Wednesday, July 19, 2017
Friday, July 14, 2017
The MMPI-370 is a shortened version of the MMPI-2 that is analogous to the MMPI-168. Like the MMPI-168, the MMPI-370 is not a “test” in and of itself but a particular use of the MMPI-2 that has some serious problems. The MMPI-370, as the name implies, involves administering the first 370 questions of the MMPI-2. This allows for the scoring of the Lie Scale, the F Scale, the K Scale, the F-K Scale or Index and the 10 basic clinical scales. If you assume that the MMPI-2 is a valid and reasonable instrument to use, the scoring of these scales may be acceptable in a general clinical practice where it can be assumed that the person does not have a deviant test-taking attitude. However, in a medical-legal context this is not a reasonable assumption and it is necessary to score at least the F(p) Scale, the F(Back) Scale, the VRIN Scale and the Revised Dissimulation Scale to determine if the person is responding in an honest and frank manner and not attempting to simulate dysfunction. Unfortunately, it is not possible to score these scales if the person responds to only the first 370 items on the MMPI-2. Therefore, the MMPI-370 is virtually useless in forensic circumstances.
Male Hypoactive Sexual Desire Disorder Due to a General Medical Condition - Cross-Examining Psych Doctors, Tip #89
When the doctor diagnoses a Male Hypoactive Sexual Desire Disorder Due to a General Medical Condition, be sure to look for the data in their report that shows the patient met the diagnostic criteria for that disorder. According to the DSM-IV-TR, in order to diagnose correctly either Male Hypoactive Sexual Desire Disorder Due to a General Medical Condition (608.89) it is necessary to show that there is a deficit or absence of sexual fantasies as well as a lack of a desire for sexual activity that is judged to be entirely due to the direct physiological effects of a general medical condition. As such, there must be evidence from the history, physical examination or laboratory findings that the dysfunction is fully explained by the direct physiological effects of an existing general medical condition. As specified in the DSM-IV-TR, there are a variety of neurological, endocrine, vascular, and genitourinary conditions such as multiple sclerosis, diabetes mellitus and urethral infections that can produce sexual dysfunction in this manner. However, simply not wanting to engage in intercourse or other sexual behavior because of pain or some other physical condition does not meet the DSM-IV-TR criteria for establishing that there is dysfunction as a result of a direct physiological mechanism.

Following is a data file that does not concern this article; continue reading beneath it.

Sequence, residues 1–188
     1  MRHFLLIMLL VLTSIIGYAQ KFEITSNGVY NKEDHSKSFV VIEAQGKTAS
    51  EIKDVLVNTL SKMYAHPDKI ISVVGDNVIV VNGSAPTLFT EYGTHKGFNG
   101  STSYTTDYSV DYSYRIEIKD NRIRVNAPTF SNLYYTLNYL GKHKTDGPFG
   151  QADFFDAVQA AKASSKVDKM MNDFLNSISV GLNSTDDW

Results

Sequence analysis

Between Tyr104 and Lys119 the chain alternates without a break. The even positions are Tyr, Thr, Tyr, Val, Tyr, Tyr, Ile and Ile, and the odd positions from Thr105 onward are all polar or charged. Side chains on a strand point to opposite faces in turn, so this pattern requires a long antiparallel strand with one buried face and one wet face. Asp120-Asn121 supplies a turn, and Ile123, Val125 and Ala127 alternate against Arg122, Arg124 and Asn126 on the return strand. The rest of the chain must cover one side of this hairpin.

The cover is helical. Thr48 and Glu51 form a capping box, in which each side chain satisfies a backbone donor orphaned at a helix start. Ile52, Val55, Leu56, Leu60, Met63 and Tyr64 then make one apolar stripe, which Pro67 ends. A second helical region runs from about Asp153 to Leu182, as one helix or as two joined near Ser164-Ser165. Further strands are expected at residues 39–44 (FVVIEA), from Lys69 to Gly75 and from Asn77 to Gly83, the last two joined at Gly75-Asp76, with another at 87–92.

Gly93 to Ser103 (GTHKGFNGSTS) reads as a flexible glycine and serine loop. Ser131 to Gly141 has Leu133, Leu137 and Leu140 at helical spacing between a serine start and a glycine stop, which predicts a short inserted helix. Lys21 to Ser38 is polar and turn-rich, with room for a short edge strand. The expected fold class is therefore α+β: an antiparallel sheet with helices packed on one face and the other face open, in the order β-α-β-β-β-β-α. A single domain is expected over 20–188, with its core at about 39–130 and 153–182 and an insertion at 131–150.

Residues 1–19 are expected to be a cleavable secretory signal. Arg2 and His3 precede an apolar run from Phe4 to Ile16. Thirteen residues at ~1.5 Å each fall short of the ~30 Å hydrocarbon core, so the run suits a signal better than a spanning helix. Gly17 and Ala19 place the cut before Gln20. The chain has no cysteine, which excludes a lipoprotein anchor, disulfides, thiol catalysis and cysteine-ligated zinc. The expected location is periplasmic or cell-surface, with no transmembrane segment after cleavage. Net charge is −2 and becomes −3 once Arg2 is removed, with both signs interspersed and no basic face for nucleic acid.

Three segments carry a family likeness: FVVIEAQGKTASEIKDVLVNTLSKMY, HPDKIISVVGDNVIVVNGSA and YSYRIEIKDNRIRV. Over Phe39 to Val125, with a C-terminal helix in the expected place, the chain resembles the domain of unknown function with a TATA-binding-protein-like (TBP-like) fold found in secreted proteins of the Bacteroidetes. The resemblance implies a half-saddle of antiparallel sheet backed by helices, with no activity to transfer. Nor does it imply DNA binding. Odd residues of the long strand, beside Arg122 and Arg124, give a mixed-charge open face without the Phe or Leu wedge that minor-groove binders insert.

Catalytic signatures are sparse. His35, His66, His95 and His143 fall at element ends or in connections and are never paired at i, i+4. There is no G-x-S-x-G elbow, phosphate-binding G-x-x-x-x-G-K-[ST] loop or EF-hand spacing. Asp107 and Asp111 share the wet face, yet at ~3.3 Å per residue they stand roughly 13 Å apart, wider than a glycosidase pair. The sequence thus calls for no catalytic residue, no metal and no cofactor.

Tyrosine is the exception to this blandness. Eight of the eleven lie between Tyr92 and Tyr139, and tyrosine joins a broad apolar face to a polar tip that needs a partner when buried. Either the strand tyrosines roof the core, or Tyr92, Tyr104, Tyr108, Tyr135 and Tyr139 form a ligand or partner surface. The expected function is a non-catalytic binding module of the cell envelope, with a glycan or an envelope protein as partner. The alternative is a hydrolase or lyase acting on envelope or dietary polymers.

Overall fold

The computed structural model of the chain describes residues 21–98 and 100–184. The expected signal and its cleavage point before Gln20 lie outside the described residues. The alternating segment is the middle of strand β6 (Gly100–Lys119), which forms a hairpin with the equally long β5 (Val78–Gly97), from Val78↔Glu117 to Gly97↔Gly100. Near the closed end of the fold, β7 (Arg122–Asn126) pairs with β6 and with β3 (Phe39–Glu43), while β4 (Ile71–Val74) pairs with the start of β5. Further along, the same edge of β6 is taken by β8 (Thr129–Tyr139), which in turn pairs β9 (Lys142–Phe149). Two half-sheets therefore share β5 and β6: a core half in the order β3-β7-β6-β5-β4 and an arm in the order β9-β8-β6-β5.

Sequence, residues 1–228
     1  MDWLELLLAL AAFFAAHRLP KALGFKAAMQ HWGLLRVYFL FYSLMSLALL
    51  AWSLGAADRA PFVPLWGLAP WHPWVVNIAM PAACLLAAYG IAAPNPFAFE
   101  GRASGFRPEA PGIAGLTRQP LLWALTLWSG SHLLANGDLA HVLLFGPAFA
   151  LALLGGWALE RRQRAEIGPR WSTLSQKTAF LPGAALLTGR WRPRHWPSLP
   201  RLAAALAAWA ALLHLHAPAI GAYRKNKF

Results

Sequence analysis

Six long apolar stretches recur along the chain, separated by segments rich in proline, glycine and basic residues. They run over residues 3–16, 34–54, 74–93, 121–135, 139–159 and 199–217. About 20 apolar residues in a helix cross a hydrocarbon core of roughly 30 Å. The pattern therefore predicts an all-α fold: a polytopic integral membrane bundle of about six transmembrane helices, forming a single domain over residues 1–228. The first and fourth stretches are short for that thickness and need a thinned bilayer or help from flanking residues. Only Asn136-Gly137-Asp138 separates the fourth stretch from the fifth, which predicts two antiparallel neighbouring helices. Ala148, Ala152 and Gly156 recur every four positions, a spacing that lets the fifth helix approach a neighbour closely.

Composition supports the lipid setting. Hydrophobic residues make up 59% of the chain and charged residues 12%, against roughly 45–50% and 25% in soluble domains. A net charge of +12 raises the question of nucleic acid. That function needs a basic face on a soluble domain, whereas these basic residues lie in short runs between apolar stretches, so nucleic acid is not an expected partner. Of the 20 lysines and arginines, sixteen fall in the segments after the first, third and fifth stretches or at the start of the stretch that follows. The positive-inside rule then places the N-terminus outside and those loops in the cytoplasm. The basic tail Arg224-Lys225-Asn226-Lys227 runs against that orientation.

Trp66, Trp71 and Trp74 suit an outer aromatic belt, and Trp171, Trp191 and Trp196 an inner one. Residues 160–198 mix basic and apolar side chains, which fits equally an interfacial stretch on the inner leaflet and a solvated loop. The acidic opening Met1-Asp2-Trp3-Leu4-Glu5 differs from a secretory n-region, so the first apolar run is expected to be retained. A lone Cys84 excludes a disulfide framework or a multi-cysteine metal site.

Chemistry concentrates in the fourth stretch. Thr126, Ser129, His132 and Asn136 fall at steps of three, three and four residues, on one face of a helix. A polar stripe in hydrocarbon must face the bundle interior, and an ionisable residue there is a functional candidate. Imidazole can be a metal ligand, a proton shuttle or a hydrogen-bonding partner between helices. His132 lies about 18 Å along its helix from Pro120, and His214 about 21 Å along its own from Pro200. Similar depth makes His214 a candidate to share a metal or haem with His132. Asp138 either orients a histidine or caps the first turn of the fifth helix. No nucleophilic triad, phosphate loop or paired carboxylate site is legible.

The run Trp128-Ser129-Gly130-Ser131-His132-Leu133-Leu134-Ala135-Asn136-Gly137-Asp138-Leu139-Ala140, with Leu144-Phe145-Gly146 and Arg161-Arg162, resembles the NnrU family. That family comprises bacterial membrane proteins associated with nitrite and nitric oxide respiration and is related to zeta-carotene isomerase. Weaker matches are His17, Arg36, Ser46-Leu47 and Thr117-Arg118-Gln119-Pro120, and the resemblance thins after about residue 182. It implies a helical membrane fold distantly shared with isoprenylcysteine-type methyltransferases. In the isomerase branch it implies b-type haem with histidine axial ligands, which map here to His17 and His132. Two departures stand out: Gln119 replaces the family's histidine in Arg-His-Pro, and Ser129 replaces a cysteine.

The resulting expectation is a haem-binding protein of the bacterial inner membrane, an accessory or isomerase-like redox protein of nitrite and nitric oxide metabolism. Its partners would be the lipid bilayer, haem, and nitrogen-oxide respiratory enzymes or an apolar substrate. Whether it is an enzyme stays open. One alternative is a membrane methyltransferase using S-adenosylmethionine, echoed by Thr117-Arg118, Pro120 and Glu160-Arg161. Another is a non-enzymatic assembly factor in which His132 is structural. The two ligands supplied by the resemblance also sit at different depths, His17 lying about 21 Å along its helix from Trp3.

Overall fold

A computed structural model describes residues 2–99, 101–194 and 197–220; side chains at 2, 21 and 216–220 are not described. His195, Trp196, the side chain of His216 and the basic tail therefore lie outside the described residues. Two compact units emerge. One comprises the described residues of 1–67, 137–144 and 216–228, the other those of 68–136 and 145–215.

When the doctor diagnoses a Female Sexual Arousal Disorder (302.72), be sure to look for the data in their report that shows the patient met the diagnostic criteria for that disorder. In this regard, according to the DSM-IV-TR, the essential feature of a Female Sexual Arousal Disorder is a persistent or recurring inability to attain or maintain an adequate lubrication-swelling response of sexual excitement until completion of the sexual activity. Simply losing interest in sexual activity for such reasons as having too much pain from a physical injury is insufficient to meet the diagnostic criteria, which are presented below.
A. A persistent or reoccurring inability to attain or to maintain “an adequate lubrication-swelling response of sexual excitement” until the completion of the sexual activity.
B. The inability described in Criterion A causes marked distress and/or interpersonal difficulty.
C. The inability described in Criterion A is not better accounted for by another Axis I disorder, except another Sexual Dysfunction, and is not due exclusively to the direct physiological effects of a substance and/or a general medical condition.